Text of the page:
The opinion of the court was delivered by: Garry, J.
Calendar Date: October 18, 2011
Before: Rose, J.P., Lahtinen, Kavanagh, McCarthy and Garry, JJ.
Proceeding pursuant to CPLR article 78 (transferred to this Court by order of the Supreme Court, entered in Albany County) to review a determination of respondent Comptroller which denied petitioner's application for accidental disability retirement benefits.
Petitioner, a court officer, was injured in an altercation outside a courtroom in 2005. He subsequently applied for accidental disability retirement benefits, alleging that he was permanently incapacitated from performing his job duties as a result of his injuries. The application was denied and petitioner requested a hearing and redetermination. Following a hearing, the Hearing Officer upheld the denial, finding that petitioner was not permanently incapacitated from performing his job duties. Respondent Comptroller made supplemental findings of fact but otherwise adopted the Hearing Officer's finding, prompting this CPLR article 78 proceeding.
We confirm. An applicant for accidental disability retirement benefits bears the burden of establishing that he or she is permanently incapacitated from performing his or her job duties (see Matter of Annis v Murray, 81 AD3d 1074, 1075 ; Matter of Girsh v DiNapoli, 79 AD3d 1444, 1444 ). Further, "in deciding whether [a] petitioner has satisfied this burden, the Comptroller is empowered to weigh conflicting medical evidence and to credit the opinion of one expert over that of another" (Matter of Caruana v DiNapoli, 78 AD3d 1302, 1303 , lv denied 16 NY3d 705 ). Here, petitioner presented the testimony and medical report of orthopedic surgeon Mitchell Goldstein, who diagnosed petitioner with tendinitis of the right elbow, neuritis and complex regional pain syndrome. Based upon this diagnosis, Goldstein opined that petitioner is permanently incapacitated from performing his job duties. In contrast, respondent New York State and Local Employees' Retirement System presented the medical report of Leon Sultan, an orthopedic surgeon who examined petitioner on its behalf. Based upon his examination, Sultan found no signs of complex regional pain syndrome and opined that there was no permanent orthopedic or neurological impairments preventing petitioner from performing his job duties.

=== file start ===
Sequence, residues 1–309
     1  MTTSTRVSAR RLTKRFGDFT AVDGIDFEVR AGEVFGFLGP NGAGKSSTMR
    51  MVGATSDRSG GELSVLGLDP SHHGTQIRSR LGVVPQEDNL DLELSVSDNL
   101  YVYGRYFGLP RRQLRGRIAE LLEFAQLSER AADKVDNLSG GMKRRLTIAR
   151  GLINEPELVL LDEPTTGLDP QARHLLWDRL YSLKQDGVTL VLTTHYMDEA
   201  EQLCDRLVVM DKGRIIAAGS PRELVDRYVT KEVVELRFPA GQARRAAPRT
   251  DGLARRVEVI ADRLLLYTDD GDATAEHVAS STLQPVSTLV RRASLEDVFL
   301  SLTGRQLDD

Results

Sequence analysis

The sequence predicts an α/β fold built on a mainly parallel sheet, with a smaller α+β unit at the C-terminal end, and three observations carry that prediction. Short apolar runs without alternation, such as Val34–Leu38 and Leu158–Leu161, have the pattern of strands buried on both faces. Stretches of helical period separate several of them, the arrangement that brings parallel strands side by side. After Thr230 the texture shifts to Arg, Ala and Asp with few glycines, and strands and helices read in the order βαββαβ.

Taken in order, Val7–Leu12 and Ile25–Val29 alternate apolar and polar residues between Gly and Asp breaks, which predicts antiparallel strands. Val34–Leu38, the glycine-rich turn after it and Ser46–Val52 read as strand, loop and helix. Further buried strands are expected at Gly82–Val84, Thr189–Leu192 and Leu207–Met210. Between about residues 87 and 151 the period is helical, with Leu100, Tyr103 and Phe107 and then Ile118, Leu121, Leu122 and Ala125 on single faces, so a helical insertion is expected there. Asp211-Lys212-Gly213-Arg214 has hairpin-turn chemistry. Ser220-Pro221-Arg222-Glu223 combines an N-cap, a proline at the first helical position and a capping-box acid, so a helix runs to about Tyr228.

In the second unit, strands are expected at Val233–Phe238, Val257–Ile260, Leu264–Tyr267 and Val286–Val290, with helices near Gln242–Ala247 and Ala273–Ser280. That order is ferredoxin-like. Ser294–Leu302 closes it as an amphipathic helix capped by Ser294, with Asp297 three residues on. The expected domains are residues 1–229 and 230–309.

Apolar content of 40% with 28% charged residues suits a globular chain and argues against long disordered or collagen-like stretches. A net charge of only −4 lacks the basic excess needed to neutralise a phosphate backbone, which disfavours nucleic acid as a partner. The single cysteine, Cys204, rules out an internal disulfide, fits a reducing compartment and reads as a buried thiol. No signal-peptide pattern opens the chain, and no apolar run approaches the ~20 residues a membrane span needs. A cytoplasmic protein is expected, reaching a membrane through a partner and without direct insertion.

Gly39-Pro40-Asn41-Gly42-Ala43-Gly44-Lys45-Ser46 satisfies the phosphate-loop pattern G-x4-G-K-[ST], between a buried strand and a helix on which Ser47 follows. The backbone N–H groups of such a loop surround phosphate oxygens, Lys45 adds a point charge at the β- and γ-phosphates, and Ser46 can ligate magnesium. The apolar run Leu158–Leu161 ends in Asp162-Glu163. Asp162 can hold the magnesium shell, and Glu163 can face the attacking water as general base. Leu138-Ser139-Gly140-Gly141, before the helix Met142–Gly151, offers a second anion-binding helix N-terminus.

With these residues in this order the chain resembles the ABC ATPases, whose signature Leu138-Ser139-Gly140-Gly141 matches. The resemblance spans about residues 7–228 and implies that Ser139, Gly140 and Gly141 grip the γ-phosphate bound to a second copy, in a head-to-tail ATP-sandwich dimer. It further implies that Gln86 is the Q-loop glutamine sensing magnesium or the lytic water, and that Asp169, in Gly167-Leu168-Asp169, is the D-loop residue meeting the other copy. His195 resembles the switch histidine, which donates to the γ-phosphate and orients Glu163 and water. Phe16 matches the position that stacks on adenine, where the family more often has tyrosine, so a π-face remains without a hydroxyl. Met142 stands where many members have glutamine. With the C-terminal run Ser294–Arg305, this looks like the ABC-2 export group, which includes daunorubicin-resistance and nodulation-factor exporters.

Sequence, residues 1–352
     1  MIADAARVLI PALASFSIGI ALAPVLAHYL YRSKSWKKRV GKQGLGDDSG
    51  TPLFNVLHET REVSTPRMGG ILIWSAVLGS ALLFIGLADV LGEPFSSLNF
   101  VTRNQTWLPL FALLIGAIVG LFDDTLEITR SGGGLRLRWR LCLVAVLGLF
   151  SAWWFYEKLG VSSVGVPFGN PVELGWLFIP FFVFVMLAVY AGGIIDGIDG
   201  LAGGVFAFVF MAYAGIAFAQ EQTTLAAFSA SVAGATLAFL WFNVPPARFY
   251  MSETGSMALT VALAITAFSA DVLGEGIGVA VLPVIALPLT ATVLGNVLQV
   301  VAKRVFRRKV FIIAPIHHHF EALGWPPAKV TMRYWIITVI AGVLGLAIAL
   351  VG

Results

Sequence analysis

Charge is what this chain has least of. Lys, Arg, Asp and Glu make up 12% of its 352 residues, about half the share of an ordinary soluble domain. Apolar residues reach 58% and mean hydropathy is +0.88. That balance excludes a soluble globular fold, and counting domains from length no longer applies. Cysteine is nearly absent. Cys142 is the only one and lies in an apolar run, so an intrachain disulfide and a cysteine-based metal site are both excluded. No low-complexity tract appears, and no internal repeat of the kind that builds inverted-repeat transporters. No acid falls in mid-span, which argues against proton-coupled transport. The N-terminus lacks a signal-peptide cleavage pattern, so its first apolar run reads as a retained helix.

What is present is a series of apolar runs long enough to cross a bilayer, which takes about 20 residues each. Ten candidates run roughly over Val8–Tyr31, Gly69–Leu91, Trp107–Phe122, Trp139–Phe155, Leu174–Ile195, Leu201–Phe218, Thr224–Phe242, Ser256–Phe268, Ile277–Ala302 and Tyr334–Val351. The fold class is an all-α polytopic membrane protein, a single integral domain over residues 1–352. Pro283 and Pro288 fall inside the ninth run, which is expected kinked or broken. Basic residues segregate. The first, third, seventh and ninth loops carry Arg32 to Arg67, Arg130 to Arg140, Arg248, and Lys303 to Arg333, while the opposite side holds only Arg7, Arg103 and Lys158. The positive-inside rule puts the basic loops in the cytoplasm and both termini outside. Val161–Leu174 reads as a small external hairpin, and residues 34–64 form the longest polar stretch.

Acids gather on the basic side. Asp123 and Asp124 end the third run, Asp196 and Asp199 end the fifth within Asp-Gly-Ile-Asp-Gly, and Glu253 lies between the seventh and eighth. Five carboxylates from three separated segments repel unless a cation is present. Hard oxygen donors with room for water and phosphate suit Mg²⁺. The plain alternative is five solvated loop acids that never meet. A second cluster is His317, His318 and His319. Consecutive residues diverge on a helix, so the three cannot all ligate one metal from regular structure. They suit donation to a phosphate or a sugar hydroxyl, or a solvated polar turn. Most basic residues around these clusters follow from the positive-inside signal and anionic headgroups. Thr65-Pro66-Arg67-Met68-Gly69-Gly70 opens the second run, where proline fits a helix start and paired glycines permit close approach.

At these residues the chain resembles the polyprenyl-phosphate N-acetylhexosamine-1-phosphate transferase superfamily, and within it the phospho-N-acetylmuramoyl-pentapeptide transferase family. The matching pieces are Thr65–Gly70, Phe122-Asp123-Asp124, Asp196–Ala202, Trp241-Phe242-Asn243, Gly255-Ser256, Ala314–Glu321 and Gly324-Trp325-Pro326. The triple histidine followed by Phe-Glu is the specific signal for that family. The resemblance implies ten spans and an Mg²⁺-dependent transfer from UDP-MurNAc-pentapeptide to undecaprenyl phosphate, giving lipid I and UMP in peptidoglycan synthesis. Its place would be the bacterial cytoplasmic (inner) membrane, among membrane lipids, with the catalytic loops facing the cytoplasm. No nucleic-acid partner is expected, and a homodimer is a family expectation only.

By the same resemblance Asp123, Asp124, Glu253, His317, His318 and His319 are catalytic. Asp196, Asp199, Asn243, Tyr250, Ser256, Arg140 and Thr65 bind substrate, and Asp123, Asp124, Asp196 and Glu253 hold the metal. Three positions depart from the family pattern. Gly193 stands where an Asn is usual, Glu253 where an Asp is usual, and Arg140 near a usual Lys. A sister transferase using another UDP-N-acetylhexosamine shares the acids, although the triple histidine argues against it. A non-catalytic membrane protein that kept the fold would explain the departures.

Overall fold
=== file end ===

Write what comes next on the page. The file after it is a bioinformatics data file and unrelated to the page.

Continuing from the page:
Initially, we reject petitioner's contention that the Comptroller improperly relied on Sultan's report based upon the fact that Sultan did not testify at the hearing. Petitioner neither objected to the admission of the written report nor requested that Sultan testify. By failing to object to the report, petitioner waived any objection to its admissibility, and by failing to call Sultan as a witness, he waived his claim that he was deprived of the opportunity for cross-examination (see Matter of Murray v New York State Comptroller, 84 AD3d 1681, 1681-1682 ). Further, although Sultan apparently misidentified one of the pain medications that petitioner had been prescribed, this error did not significantly undermine the reliability of his opinion regarding permanency. Sultan presented a rational and fact-based opinion based upon his physical examination of petitioner and a review of his medical records. Accordingly, the Comptroller's decision is supported by substantial evidence and will not be disturbed, despite evidence in the record supporting a different conclusion (see Matter of Hodio v DiNapoli, 84 AD3d 1686, 1686 ; Matter of Brady v DiNapoli, 77 AD3d 1041, 1043 ).
Rose, J.P., Lahtinen, Kavanagh and McCarthy, JJ., concur.
ADJUDGED that the determination is confirmed, without costs, and petition dismissed.
Robert D. Mayberger Clerk of the Court
© 1992-2011 VersusLaw ...